How Do You Heal From Ancestral Trauma?

Fariha Róisín, author of "How to Cure a Ghost," on the loneliness of being a South Asian poet

Illustration by Monica Ramos from "How To Cure a Ghost"
Illustration by Monica Ramos from “How To Cure a Ghost”

It’s a lonely existence, when you occupy the margins of the margins. We grow on the outskirts, looking for abundance, when the world insists in telling us that people like us will never be “normal,” will always need to fight to carve out spaces that we can exist in peace, in forgiveness, and in safety. I’m always in such gratitude when I find people who make me feel less lonely, less discarded by the side of the road. Fariha Róisín is one of those people: someone that I look to through my various chasms of loneliness, someone who I see part of myself in, who I can hope for a better future alongside. 

This past fall Fariha Róisín released a collection of poetry, How To Cure A Ghost, a lyrical exploration of trauma, loss and rebuilding. The book is expansive, touching on queerness, Islam, and institutionalized racism and structures of power, among many other things. As a fellow South Asian queer Muslim writer, I found myself gravitating towards its topics and the perspectives and lyricism that Fariha was bringing to the page. What struck me most about Fariha’s work was the insistence on healing, the commitment to being able to write through pain not to just get through it, but to heal it.  Alongside the poetry book Fariha published a journal workbook, Being In Your Body, as a space to expand the healing impulse so prevalent in their poetic work.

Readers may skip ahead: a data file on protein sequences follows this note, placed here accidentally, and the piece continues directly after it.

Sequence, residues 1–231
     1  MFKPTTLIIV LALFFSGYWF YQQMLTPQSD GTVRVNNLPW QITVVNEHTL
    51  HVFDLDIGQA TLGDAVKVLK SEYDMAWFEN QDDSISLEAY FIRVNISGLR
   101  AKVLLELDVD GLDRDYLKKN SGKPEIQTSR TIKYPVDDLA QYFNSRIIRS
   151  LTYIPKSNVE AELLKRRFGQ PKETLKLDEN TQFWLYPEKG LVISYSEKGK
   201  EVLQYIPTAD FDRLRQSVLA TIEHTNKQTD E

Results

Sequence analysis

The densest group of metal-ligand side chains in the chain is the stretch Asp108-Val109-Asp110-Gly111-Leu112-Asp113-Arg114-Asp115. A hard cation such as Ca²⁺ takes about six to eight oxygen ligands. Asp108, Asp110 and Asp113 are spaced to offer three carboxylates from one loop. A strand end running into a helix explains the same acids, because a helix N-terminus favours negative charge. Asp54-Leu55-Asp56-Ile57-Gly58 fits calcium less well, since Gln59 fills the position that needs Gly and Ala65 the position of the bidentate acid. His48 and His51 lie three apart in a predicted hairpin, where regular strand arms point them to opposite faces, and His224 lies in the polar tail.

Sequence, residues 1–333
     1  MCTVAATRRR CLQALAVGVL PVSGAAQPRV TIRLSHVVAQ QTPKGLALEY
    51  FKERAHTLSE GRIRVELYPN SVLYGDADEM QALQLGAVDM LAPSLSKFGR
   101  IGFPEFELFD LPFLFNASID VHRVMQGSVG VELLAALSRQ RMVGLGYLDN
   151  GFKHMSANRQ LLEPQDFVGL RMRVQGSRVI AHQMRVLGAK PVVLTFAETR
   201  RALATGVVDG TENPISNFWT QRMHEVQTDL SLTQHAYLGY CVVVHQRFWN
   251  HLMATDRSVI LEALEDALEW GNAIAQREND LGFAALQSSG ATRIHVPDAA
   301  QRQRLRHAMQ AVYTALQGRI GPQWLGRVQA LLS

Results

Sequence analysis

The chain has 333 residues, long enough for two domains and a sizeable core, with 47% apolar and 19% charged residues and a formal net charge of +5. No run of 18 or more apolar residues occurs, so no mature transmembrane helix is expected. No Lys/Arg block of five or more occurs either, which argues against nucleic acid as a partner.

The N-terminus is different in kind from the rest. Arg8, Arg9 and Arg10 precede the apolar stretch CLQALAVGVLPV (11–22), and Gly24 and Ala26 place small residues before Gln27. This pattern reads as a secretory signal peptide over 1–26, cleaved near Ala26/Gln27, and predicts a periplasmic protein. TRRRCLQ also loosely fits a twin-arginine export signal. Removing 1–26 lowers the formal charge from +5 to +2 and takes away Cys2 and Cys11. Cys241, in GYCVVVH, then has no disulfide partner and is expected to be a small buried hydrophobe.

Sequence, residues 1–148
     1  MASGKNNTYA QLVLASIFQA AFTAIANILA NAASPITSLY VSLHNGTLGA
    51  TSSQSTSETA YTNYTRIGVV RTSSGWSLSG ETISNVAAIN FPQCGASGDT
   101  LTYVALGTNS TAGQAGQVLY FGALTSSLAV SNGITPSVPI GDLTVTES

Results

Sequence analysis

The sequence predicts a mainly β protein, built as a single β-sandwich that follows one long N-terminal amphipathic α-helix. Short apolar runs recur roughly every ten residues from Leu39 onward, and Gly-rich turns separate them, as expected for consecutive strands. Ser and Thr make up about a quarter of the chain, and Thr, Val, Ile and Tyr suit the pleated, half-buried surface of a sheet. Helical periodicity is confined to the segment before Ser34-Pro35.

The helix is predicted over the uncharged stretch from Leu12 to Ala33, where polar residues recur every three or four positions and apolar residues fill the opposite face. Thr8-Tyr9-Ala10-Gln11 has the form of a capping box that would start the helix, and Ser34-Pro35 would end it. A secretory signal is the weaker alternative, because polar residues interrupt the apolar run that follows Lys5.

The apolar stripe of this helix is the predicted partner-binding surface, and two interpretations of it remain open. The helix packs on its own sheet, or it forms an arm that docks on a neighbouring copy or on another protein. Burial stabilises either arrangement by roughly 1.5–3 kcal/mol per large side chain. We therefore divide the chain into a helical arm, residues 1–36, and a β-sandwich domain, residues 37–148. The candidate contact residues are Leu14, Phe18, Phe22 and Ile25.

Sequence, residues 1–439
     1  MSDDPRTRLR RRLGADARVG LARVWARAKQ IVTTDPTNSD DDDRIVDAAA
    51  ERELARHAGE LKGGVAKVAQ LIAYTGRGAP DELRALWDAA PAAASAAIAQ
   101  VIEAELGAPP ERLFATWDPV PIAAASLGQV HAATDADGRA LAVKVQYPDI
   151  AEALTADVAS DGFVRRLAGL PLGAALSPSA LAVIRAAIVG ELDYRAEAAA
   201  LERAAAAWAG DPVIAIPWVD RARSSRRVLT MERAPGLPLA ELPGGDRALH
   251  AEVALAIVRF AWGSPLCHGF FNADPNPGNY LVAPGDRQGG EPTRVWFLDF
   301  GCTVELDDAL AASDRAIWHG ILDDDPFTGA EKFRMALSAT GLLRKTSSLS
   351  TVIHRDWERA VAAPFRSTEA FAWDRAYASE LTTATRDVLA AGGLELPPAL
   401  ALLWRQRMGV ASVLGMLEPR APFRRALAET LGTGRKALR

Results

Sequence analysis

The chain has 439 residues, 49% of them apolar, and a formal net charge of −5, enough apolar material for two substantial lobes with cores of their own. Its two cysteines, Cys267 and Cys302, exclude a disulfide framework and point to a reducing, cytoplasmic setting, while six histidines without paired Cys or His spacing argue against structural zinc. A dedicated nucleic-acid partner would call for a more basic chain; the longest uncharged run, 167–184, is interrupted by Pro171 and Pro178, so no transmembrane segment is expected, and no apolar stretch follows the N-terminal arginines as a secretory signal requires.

In How To Cure A Ghost, Fariha writes “nurture makes you hate yourself less.” These poems are a project in nurturing, a poetics that interrogate the nurturing of an abusive mother-daughter relationship, the nurturing of a brown girl unloved by her various countries, the nurturing of having to walk through the world as a person of color under white supremacist violence. I’m grateful for Fariha’s words and Fariha’s friendship, and for this opportunity to talk to them and do a deep dive into their work.


Fatimah Asghar: A thing that struck me about your book was the deep explorations of family and trauma, particularly through the lens of your mother. What are your thoughts on intergenerational trauma, and the way that your book looks to name and grapple with it?

Fariha Róisín: Ancestral trauma, and not knowing how to handle it, is something that I find so often in South Asian communities. We all seem to be locked into some kind of horror show without knowing it’s abuse or violence that we’re witnessing. I remember telling a Sri Lankan friend of mine that my mother would regularly beat me, and her response was a bemused so what, my mother beats me all the time. It was at that moment (I was 14 at the time, so was she) I think I first understood how deep this normalization of violence was, how pathetic its normalcy was.  

The thing I didn’t know how to articulate back then is that even then, there’s always a difference between who administers that violence. For me, my mother was not affectionate. She’s probably said something nice to me a handful of times, truly. Growing up was painful because it meant there was no reprieve from the trauma she’d inflict. 

It’s something that my father, sister and I have suffered the most from… the onslaught of violence that we’ve systematically experienced from her. But also the lack of a solution. It’s been that way since she and my father married; since my sister and I was born—it’s not changed. So, what to do with the feeling of being a lost cause? 

I feel like a failure because I didn’t save her, I also feel like she’s failed us because she hasn’t saved herself. 

I was tired of not being seen, I was tired of suffocating. So I wrote this book.